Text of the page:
Homophobia: Bars Use the Right of Admission Reserved to Throw Out LGBTI+ People


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Recently private bars in Havana have used the “Right of Admission Reserved” to keep the door closed on LGBTI+ people. Recent incidents expose the lack of Cuban legislation to prevent discrimination and protect victims.

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*All of the photographs were taken from the Efe Bar and The King Bar’s Facebook pages

At midnight on July 8, while Brian Canelles and Arian Abreu were having a drink at the Efe Bar in El Vedado, Havana, they decided to take a selfie of them having a kiss. The bouncer told them they were not allowed to take the photo and the couple was eventually kicked out because “the bar didn’t want to have a gay image.” The bouncer argued, “We’re not interested in that public and we don’t want to get that reputation.” The Efe promotes itself on Facebook as a disco, nightclub and restaurant that wants to be distinguished by its live music. That was why José Luis Nodarse, a Cuban living in Miami, chose it for a reunion with friends. One of them, Coco, was refused entry. The supervisor on shift told Coco that he could not come in because “they know him” and they had seen him in “an unacceptable state.” This argument was sufficient under the “Right of Admission Reserved” to refuse him entry. “My friend is known as gay and I think that you should only act if there’s bad behavior or a bad attitude in that moment,” José Luis argues. “It was clearly homophobia.” José Luis asked to see the manager and asked whether they refused his friend entry because he was gay. The unnerved manager told him; “No, no, it’s not about that but we reserve the right of admission” but gave no further explanation. Brian Canelles called out the Efe Bar on his Facebook profile, generating reactions from dozens of LGBTI+ activists. The Efe Bar published a response saying that it will “always lift the flag against homophobia.” They also argued that their “policy has been and will always be to respect others as people, regardless of their sex, race, sexual orientation or social status.” According to management, “it’s a shame that a false and damaging opinion is being created about many people based on the opinion of just one.”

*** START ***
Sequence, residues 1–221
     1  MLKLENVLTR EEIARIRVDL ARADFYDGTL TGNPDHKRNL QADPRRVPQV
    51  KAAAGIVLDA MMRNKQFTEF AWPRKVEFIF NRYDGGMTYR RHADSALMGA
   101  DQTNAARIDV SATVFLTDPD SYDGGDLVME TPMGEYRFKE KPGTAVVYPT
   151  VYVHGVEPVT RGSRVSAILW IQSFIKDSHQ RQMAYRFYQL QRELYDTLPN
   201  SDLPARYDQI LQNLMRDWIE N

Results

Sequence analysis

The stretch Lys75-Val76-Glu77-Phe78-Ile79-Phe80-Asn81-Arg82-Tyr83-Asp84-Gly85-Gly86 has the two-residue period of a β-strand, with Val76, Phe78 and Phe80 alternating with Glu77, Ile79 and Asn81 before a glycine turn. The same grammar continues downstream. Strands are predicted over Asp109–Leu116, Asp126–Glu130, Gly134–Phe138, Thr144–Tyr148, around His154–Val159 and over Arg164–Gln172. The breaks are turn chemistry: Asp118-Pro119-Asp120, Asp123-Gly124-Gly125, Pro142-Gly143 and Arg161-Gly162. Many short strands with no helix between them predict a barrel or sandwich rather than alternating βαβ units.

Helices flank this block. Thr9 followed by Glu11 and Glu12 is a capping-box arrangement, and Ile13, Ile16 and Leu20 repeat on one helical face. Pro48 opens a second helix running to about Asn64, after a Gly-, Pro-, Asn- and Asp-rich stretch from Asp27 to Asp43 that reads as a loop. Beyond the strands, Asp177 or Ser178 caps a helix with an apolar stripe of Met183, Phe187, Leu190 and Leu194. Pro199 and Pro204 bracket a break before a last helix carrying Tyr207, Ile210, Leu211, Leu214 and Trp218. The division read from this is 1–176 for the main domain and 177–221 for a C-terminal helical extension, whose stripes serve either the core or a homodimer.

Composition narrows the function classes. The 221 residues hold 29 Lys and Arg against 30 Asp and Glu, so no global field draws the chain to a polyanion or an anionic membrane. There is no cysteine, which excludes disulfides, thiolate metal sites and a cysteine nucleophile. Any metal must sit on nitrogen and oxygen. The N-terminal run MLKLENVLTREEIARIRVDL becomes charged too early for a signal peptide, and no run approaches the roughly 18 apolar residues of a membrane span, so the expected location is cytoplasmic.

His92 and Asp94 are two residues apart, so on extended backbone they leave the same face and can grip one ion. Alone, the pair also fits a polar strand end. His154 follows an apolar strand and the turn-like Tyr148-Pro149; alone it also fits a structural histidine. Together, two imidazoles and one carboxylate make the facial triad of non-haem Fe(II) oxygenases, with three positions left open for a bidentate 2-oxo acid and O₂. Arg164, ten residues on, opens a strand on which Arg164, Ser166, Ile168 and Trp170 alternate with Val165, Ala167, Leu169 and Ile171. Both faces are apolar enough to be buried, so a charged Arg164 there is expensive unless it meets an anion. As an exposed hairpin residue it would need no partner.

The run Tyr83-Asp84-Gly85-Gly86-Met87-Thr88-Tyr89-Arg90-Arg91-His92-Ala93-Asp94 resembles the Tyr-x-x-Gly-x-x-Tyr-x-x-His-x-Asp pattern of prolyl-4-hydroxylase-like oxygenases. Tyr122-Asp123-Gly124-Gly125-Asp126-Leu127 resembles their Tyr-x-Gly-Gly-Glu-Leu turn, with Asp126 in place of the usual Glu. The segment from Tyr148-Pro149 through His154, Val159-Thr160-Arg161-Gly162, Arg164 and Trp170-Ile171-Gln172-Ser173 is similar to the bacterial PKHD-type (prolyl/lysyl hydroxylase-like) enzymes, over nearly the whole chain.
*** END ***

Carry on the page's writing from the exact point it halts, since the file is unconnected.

An Efe Bar employee who identified themself as Roberto, “one of the managers,” took Tremenda Nota’s call to the bar but refused to offer their version of the incident which led to Brian Canelles and his boyfriend being thrown out. He revealed, “I was working that day… but I’m not going to make absolutely any comment. I’d need the bar owner’s permission.” Brian says he was not given the opportunity to talk to this manager. “ I asked him [the bouncer] to call the supervisor, but he said that he wasn’t going to waste his time and we should leave the bar.” “I told him that I wasn’t going anywhere, that I had already spent 100 CUC [Cuban currency equivalent to dollars] in the bar, for them to just kick me out without even taking the photo,” Brian added. His complaints along with those of his boyfriend and sister hastened their removal. “He grabbed me by the arm and took me to the exit” Brian remembers. “They told me they had the right of admission reserved and they decided what public was allowed to enter their bar. We argued back that being a private business didn’t give them the right to treat us like that, but they just shut the door.”